socratic seminar resources

a note of introduction

Teaching the Socratic Seminar as a talking structure in your class may seem overwhelming. Although I am providing these resources here, please feel free to contact your coach with help in implementing this three-day lesson cycle. Your coach will be able to offer suggestions on how to work within your curriculum while giving your students a full first-time experience with a seminar-style class discussion.

day one resources

Seminar Day 3.pdf

This is a PDF of the Keynote presentation. Let me know if you would like the file in that format and I will send it to you.

Language Tool for AC.pdf

An important takeaway of the seminar is that students become more comfortable using academic transitions. Have one of the students track their peers' use of these stems and provide feedback to the group, identifying areas of conversation with which the students excel and those with which they might improve.

Questions-Using-Blooms-Taxonomy(1).pdf

If you want student conversation to improve, you will have to teach kids how to ask questions that elicit deeper talk. Ask yourself, "What level of questioning do I model when I ask questions in class?" Track your questions for a week, or even a day. You'll be amazed.

seminar norms tree map fill-in.pdf

Teaching students the norms that accompany the seminar structure is an essential step. Don't skip it! Provide the norms, and then show students the Teaching Channel video. Ask them to discuss with a partner which norms they saw the students in the video using.

Use this Teaching Channel video to show your students what a Socratic seminar looks like. These students may be older than yours, but they are real kids. That makes a difference. You can also use this video as a check for understanding after you teach your students the seminar norms. Ask them which of the norms they see these students exhibit, and be sure they cite evidence!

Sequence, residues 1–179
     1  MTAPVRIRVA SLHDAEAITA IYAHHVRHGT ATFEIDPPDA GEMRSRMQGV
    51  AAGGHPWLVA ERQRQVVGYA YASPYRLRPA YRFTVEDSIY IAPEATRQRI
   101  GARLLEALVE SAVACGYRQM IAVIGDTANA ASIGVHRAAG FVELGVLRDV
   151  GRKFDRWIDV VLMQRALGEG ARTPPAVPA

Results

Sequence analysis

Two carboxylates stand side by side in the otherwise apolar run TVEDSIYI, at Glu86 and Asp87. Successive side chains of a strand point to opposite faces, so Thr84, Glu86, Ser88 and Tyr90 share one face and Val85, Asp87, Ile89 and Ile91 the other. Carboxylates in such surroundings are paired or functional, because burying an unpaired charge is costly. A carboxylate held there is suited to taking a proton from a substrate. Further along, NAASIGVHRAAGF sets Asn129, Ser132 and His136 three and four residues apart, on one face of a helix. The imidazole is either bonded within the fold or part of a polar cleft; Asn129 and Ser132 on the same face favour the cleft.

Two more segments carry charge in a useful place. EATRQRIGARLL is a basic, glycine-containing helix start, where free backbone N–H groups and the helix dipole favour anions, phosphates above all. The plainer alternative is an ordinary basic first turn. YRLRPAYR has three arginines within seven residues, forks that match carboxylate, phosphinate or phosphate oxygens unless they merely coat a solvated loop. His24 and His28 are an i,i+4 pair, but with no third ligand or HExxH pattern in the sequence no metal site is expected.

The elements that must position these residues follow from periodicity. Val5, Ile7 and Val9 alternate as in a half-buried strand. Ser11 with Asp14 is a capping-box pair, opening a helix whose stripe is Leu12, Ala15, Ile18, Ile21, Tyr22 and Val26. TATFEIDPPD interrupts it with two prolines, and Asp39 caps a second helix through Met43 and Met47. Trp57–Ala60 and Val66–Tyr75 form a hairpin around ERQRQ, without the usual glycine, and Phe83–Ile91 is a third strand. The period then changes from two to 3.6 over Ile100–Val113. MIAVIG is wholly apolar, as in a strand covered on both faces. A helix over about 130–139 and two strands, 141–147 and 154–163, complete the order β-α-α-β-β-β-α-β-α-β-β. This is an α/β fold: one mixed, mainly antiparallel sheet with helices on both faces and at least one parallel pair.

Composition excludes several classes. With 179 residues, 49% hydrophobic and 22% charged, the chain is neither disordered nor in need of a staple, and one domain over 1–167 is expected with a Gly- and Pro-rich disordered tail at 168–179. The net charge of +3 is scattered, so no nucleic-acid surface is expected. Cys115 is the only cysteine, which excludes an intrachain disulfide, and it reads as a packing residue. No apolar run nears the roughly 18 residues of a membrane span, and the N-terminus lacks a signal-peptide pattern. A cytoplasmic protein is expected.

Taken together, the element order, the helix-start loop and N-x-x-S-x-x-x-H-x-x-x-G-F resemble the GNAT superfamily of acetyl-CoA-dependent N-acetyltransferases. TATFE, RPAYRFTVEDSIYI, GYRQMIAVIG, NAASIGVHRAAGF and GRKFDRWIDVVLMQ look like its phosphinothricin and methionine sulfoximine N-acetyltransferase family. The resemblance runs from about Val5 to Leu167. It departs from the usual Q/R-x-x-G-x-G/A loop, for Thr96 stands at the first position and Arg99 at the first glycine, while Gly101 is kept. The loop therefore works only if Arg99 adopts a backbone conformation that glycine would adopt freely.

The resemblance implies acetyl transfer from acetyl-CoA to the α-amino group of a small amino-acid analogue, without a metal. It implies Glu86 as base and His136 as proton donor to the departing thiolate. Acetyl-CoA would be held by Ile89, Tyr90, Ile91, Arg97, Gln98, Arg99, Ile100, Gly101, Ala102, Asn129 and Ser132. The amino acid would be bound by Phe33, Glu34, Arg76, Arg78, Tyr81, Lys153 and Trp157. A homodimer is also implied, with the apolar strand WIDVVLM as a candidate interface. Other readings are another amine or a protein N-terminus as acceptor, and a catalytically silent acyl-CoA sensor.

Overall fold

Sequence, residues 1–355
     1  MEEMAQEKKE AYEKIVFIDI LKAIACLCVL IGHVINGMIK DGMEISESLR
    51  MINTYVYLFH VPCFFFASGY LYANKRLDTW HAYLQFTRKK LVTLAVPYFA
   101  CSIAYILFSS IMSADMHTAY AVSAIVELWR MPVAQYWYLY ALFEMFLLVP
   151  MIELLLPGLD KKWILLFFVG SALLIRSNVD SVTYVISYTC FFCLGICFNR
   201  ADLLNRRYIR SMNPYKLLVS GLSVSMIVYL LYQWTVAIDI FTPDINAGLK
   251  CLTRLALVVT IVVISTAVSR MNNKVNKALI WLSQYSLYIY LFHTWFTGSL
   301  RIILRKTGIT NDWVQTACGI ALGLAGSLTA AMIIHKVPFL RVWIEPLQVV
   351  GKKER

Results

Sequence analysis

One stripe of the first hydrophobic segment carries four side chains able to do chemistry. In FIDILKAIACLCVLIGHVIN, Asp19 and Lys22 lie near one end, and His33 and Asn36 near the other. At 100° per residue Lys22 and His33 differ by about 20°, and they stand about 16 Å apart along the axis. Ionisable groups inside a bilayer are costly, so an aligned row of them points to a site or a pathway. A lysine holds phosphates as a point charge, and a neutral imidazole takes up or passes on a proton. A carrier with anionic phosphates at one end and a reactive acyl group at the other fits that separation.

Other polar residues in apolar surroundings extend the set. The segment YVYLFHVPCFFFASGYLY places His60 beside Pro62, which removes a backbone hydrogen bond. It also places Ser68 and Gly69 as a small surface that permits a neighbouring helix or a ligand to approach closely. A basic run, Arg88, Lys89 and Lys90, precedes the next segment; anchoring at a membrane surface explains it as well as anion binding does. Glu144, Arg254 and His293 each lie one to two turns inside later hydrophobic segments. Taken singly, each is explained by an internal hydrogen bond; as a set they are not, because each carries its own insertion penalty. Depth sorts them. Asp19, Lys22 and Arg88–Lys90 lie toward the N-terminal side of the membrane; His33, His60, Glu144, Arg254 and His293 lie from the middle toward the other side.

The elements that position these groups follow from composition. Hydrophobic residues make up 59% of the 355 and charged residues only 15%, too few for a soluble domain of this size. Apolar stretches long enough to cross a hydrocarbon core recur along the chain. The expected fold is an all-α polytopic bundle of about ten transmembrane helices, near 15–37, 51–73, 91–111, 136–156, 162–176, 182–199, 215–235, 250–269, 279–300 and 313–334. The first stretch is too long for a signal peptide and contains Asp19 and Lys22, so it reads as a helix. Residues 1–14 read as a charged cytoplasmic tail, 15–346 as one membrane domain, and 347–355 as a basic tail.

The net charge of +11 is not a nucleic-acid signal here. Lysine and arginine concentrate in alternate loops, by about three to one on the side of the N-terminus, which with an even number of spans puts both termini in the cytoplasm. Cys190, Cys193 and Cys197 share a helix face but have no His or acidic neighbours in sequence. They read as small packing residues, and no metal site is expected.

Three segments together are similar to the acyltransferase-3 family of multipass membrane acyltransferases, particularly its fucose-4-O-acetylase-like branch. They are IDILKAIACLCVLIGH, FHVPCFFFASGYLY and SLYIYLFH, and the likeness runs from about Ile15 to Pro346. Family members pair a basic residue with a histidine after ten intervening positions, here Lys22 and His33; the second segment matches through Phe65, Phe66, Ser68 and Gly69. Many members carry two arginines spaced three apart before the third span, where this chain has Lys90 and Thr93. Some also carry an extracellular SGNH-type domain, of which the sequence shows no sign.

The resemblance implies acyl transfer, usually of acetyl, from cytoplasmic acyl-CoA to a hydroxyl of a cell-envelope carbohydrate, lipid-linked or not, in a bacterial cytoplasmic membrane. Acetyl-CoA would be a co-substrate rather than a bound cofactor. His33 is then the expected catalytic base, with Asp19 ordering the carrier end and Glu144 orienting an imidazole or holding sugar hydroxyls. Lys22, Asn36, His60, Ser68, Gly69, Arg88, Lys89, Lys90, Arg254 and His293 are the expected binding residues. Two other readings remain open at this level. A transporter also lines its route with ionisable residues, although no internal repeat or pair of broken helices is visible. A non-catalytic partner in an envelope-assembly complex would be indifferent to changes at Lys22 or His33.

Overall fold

Talking Tool - Teen Topics.pdf

When students first practice a new skill, such as the seminar talking structure, let them use a simple text like this one. This matrix is designed so that students can cite specifically--"Please look at Social Media, row 3." However, it is full of images for which students will have rich background knowledge, encouraging deeper discussion.

day two resources

Seminar Day 2.pdf

This is a PDF of the Keynote presentation. Let me know if you would like the file in that format and I will send it to you.

Coaching Form For Socratic Seminar.pdf

On day two, encourage the students to develop their skills as coaches to their speaking partners. Even if you have a small class and all students want to be speakers, don't let them! Having a coach to listen, keep track, and give specific feedback is an integral part of the seminar structure and adds tools to your students' academic, social, and emotional toolkits.

Seminar Prep Sheet.pdf

Students should take a text home with them on day two. As part of their homework, they will read the text, annotate it, and complete this prep sheet. They are asked to summarize the text, choose a few interesting or important quotations, and then write questions using their knowledge of Bloom's Taxonomy.

seminar roles posters.pdf
seminar roles handout.pdf

day three resources

Seminar Day 3.pdf

This is a PDF of the Keynote presentation. Let me know if you would like the file in that format and I will send it to you.

Seminar Reflection and Assessment.pdf

Whether you "grade" your students' performance in the seminar or not, it is critical that they reflect on their work and give themselves a score using a set of specific criteria, such as this one. This allows them to set goals for themselves, evaluate their work, and make decisions about how they can improve next time.

seminar comment counter.pdf

One of the student roles is Comment Counter. Have a student fill in the names of the speakers to mirror the seats the students have taken. It's helpful to have them anchor the chart by drawing in the door or some other landmark. Then the student simply tallies each time a student speaks, giving feedback at halftime and again at the end of each round.